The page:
The Miriam Schapiro Archives on Women Artists works to document, preserve, and make available to researchers postwar American women’s art history. Our collections include individual artist’s papers, feminist institutional papers, and various registries of women artists. We collect various types of material including traditional paper archives, ephemera, printed materials, photographic/audio/visual media, and artifacts.
The Miriam Schapiro Archives on Women Artists was founded in 2006 by the Rutgers Institute for Women and Art (IWA) in partnership with the Rutgers University Libraries (RUL). RUL had, however, long before then begun collecting the personal papers of women artists and women's art organizations active in the United States in the second half of the 20th century. In the mid-1980s, librarians at RUL, including Françoise Puniello, then director of the Mabel Smith Douglass Library, and Ruth J. Simmons and Ronald L. Becker of Special Collections and University Archives (SC/UA), collaborated with Dr. Ferris Olin, then executive director of the Institute of Research on Women at Rutgers, to develop the holdings of RUL in this area. Early notable acquisitions included the records of the Women's Caucus for Art, the New York Feminist Art Institute, the Lucy Lippard Women’s Art Registry, and Heresies Collective, Inc.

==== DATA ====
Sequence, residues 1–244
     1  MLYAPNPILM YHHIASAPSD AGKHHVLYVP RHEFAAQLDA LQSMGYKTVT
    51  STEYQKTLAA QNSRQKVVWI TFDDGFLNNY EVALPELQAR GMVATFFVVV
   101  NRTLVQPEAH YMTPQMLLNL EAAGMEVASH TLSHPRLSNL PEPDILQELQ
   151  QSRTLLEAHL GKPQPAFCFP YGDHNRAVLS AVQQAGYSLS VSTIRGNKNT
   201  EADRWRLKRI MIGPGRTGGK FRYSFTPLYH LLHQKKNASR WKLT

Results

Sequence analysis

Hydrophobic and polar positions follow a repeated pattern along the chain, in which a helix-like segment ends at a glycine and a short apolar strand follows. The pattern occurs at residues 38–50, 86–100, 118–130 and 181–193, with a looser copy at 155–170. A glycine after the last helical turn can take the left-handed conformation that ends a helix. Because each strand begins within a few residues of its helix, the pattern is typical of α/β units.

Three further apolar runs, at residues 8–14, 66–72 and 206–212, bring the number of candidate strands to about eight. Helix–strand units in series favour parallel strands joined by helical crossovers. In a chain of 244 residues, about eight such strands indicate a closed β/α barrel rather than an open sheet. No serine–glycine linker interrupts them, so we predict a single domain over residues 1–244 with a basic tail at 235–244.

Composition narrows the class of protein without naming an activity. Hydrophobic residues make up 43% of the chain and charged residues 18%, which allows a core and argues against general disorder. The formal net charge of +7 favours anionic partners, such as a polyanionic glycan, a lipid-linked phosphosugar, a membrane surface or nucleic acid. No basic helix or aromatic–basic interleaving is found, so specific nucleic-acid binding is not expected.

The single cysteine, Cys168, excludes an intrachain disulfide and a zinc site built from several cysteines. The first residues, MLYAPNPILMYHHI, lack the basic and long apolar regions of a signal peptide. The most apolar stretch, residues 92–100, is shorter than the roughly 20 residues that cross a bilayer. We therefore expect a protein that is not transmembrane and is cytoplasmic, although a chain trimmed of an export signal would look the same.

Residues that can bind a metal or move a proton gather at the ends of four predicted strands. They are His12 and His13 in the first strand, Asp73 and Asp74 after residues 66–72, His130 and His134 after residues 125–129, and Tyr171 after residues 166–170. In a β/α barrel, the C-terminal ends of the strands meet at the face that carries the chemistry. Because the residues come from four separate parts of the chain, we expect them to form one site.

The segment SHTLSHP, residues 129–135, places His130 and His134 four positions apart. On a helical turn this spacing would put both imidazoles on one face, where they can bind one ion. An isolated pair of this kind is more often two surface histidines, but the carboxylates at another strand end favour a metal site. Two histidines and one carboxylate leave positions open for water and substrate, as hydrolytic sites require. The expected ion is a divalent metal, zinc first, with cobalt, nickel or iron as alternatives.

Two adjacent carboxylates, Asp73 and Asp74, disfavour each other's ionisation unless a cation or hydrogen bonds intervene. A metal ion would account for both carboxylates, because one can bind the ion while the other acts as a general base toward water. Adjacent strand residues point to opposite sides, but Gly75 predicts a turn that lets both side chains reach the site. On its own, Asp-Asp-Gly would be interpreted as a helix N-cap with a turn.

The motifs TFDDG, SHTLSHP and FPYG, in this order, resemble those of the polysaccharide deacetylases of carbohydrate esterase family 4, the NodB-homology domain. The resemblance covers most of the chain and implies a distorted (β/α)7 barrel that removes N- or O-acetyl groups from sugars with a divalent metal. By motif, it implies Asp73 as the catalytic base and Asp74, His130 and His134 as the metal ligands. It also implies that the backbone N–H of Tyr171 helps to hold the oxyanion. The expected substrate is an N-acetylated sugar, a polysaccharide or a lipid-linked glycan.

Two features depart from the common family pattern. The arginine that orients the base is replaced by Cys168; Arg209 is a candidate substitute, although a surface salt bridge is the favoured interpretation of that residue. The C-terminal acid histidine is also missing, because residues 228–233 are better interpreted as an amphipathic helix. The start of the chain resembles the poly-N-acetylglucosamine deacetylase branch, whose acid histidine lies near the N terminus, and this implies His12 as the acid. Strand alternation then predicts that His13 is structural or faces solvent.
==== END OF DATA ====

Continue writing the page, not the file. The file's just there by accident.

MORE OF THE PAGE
In 2006, Ferris Olin, Director of the Margery Somers Foster Center at the Douglass Library, and Judith K. Brodsky, Professor Emerita at the Mason Gross School of the Arts, were appointed as founding director of the Rutgers Institute for Women and Art, now named the Center for Women in the Arts and Humanities. Among the programs they established (with Judy Chicago, Susan Fisher Sterling and Arlene Raven) was The Feminist Art Project (TFAP), an international collaborative initiative celebrating the feminist art movement through providing opportunities for networking and shared publicity. It was at TFAP’s inaugural event in January 2006 that Vice President for Information Services and University Librarian Marianne Gaunt announced the establishment of the Schapiro Archives, formally recognizing the ongoing collecting initiative in honor of Miriam Schapiro’s key leadership in the feminist art movement. Miriam Schapiro had donated her own papers to the archives in 2004. The Miriam Schapiro Archives on Women Artists and the Center for Women in the Arts and Humanities continue to collaborate on collection development, programs, and exhibitions. In 2009–2010, the holdings of the Miriam Schapiro Archives were showcased in a major exhibition at the Special Collections and University Archives galleries, Bridging Generations: Women Artists and Organizations from Rutgers’ Collections.
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